As it is, few historians will plump for more than a handful of heavyweights in whom they have faith in overcoming Lewis. Truth is, the type of legacy I touch on there, is of little interest to these mid-life crisis punchers. They’ll use the L word a great deal, but it actually means nothing. If it did, more fighters would retire closer to their peak in the way Lewis has. The likes of Jones, Trinidad and Michalczewski know they’re not a fraction of their indomitable best irrespective of what they may claim publicly. But the draw of the crowd and cheques the public continues to write ensure their continued and forlorn participation.
In the case of Evander Holyfield, a recent challenger for a world-belt, the loss of form and function is of greater concern because he is, apparently, blissfully unaware of it. Jones for example, wouldn’t place himself in the way of a concussive puncher in his prime; he certainly won’t be looking for knockout artists now. Holyfield has no such pragmatism. Comparing fighters across era is, by definition, a hazardous task, and it is peculiar how a fighter’s fortunes in such fantasy contests fluctuate depending on his currency. For example; fans often laud active fighters, arguing their capability to match and defeat the cream of boxing’s historical greats. Once into retirement their support fades. The capabilities of long dead former champions are emboldened and the recently retired fighters are reduced to the role of also ran in these mythical contests.
But then, at some indeterminate point the recently retired fighter becomes a long forgotten champion and his own greatness is similarly romanticised. Suddenly the current crop of fighters pale into insignificance in comparison with their once maligned predecessors.
Recent Internet debate highlights one such combatant, former WBC Heavyweight titleholder Frank Bruno. Variously over-rated and under-rated during his career, he was largely derided at his career close for his inability to survive even a modest attack and his evident fear as he strode toward a rematch with Mike Tyson. His career summary was clear; ‘fortunate belt holder who was too vulnerable to compare to the greats that preceded him and even those who succeeded him.’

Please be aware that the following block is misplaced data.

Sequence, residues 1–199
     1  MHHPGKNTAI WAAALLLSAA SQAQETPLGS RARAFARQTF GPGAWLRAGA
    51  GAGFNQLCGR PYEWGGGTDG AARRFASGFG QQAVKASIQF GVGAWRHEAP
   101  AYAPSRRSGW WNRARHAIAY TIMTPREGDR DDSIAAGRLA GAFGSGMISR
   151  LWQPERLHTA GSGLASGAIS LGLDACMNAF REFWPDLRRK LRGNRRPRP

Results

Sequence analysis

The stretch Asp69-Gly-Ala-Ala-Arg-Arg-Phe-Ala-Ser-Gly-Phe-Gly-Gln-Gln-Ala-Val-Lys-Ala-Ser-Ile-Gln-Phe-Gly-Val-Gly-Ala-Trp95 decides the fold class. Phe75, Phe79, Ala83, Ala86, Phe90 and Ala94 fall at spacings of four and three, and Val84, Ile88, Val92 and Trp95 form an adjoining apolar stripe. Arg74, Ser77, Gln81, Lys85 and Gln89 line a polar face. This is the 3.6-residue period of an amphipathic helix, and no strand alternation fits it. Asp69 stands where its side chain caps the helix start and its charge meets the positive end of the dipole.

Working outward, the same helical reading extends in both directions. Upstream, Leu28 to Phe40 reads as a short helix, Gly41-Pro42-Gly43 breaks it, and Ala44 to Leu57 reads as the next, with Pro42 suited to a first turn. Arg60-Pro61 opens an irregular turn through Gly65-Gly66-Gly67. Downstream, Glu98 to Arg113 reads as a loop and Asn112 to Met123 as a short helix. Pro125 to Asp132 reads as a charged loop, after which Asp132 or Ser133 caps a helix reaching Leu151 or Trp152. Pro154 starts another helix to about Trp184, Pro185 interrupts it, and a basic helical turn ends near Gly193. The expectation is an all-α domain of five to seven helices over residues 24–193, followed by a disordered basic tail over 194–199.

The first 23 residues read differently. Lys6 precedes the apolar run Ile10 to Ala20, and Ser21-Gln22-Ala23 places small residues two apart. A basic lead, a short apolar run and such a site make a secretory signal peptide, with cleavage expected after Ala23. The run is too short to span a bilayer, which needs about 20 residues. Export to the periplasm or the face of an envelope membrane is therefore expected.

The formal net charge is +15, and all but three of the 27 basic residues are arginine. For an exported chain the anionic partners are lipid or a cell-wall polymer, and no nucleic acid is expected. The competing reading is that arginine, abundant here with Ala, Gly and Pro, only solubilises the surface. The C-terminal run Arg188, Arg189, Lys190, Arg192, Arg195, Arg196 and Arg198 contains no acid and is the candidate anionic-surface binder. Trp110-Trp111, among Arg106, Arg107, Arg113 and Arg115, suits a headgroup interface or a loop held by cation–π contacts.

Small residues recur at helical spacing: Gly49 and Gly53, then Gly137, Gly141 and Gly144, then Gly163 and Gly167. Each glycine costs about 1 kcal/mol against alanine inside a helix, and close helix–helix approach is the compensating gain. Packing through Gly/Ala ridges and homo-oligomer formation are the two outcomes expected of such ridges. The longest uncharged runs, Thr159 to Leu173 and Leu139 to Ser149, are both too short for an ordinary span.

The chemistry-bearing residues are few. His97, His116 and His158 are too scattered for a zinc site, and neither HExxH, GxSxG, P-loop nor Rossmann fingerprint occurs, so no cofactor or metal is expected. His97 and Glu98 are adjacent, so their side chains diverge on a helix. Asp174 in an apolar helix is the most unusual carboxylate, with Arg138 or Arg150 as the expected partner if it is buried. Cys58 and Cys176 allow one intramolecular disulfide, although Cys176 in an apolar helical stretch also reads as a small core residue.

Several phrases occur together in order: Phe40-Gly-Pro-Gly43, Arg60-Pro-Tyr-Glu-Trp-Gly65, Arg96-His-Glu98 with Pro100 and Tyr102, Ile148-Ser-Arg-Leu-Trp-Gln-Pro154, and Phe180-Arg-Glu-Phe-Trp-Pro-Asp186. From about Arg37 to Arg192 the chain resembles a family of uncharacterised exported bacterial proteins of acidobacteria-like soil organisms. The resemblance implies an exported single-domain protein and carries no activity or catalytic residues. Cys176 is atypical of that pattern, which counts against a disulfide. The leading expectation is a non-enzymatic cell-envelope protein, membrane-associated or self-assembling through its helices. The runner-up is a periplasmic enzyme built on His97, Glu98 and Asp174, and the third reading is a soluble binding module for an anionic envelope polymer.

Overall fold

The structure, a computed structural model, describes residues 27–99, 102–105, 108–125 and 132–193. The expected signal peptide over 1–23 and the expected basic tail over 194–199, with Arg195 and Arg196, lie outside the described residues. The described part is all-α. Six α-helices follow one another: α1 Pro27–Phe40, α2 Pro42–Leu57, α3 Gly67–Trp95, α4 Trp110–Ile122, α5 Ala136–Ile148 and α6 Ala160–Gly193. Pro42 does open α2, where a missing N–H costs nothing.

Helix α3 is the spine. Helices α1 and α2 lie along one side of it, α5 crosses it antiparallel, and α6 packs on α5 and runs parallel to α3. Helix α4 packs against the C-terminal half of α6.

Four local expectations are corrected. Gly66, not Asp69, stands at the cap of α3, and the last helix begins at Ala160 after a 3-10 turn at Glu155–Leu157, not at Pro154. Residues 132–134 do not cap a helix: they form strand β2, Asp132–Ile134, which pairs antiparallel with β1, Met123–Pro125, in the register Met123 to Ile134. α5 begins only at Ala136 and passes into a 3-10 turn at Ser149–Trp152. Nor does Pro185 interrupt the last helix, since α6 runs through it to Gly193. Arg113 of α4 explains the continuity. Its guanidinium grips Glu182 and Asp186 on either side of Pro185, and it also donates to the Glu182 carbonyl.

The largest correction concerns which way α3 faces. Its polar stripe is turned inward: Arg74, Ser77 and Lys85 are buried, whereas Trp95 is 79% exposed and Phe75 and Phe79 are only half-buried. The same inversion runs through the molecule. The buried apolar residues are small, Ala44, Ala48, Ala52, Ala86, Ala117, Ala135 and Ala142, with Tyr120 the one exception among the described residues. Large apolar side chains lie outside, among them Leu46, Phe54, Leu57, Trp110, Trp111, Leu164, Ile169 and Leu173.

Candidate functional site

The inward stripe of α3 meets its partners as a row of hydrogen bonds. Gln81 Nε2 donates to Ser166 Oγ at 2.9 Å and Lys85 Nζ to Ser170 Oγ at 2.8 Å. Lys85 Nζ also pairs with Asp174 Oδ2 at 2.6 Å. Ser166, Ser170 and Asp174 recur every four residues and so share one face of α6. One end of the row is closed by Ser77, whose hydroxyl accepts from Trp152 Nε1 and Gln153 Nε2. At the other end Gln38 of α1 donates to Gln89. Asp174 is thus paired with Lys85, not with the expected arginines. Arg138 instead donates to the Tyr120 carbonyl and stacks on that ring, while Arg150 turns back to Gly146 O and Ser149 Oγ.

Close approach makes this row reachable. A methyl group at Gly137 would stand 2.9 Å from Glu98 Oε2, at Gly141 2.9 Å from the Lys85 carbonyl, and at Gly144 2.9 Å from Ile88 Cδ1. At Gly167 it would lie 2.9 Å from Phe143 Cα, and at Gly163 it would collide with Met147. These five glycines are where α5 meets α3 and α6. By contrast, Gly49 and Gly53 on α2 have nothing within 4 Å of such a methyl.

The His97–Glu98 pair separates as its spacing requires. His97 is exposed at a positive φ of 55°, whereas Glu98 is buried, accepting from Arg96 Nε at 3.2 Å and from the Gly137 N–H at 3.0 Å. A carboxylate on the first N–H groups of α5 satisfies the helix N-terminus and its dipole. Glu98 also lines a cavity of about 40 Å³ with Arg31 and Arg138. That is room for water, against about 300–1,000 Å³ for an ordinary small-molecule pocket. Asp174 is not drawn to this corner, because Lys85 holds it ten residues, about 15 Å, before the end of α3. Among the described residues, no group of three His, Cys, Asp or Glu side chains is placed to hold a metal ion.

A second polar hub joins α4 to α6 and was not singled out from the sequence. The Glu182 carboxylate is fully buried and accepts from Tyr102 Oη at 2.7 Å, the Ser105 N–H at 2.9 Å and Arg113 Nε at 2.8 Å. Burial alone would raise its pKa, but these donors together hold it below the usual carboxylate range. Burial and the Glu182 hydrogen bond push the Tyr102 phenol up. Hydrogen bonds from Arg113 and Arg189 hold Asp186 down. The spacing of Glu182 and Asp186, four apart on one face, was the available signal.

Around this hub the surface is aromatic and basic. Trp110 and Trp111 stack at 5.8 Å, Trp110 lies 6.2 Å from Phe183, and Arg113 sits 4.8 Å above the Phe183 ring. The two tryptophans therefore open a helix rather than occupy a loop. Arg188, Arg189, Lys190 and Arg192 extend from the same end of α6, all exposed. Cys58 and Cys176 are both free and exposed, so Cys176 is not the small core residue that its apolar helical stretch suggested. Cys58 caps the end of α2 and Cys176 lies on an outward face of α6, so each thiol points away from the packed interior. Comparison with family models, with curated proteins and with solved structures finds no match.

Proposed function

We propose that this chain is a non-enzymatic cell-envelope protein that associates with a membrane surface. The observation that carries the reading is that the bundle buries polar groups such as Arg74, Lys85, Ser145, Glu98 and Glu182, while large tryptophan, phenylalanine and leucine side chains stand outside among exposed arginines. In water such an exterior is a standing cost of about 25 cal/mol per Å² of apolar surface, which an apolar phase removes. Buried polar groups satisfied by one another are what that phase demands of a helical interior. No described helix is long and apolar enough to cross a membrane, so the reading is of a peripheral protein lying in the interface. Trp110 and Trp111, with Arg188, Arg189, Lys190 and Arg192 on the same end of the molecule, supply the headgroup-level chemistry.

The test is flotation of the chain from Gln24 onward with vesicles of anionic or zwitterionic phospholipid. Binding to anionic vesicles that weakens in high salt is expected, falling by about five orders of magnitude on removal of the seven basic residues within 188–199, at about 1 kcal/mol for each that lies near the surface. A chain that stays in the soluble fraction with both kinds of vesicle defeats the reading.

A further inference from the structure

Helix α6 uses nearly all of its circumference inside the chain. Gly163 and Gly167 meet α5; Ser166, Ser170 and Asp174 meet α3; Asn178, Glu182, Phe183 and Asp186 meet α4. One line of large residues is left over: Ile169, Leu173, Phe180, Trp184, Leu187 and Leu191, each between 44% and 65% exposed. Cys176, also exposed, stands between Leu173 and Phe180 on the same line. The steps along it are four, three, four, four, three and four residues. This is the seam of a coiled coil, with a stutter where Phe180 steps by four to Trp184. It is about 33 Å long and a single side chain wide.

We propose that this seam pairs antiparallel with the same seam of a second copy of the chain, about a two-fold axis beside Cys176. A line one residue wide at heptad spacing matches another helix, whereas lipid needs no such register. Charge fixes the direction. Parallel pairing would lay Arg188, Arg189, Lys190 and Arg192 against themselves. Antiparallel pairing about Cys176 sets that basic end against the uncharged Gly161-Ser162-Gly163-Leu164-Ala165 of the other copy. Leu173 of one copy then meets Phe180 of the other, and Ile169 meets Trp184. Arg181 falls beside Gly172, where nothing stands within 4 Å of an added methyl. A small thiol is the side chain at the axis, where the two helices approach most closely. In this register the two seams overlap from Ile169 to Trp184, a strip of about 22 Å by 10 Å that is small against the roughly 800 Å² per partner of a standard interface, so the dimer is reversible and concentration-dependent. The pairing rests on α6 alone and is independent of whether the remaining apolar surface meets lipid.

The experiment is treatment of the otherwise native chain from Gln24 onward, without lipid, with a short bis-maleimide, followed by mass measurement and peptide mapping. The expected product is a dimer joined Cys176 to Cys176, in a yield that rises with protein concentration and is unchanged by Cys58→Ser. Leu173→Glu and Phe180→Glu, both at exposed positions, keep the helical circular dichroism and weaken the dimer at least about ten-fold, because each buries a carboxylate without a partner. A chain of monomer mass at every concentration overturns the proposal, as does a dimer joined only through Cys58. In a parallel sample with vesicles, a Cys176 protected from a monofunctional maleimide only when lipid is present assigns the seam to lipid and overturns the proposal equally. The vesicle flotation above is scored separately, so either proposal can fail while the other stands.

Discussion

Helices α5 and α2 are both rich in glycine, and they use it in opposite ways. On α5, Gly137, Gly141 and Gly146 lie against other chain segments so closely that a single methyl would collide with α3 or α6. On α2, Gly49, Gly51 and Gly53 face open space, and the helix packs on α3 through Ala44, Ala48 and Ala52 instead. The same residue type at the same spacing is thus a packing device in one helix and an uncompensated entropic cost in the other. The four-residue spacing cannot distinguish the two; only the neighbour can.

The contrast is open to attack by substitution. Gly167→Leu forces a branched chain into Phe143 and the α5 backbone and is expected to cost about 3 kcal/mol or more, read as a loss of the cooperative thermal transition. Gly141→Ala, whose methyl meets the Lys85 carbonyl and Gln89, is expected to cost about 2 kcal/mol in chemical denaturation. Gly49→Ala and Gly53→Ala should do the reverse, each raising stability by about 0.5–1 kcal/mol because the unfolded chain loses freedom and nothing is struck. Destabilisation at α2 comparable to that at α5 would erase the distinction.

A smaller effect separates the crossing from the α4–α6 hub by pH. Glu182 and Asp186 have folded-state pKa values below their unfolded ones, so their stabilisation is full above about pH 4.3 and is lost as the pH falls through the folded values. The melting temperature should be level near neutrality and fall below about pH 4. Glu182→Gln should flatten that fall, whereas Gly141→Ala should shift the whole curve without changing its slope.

However, now 10 years retired, the perception of Bruno, that most affable and complex of fighters, has gone full circle. A whole article at BritishBoxing.net lifts Bruno from the 80’s and 90’’s he inhabited and places him front and centre in the current scene. One in which he performs with distinction against all. His metamorphosis into a respected figure appears sudden but is actually the end of a ten-year period in the wilderness. Could Bruno really have matched well with Walcott or Liston, Shavers or Sharkey? Increasingly, people believe he would.
I wonder if the sentimentality at work would have been as strong had Bruno continued in the way contemporaries Holyfield, Mercer, Akinwande and Tyson did? Or Michalczewski and Rocchigiani for that matter?
I suspect not. But Germany would happily have embraced him had he elected to.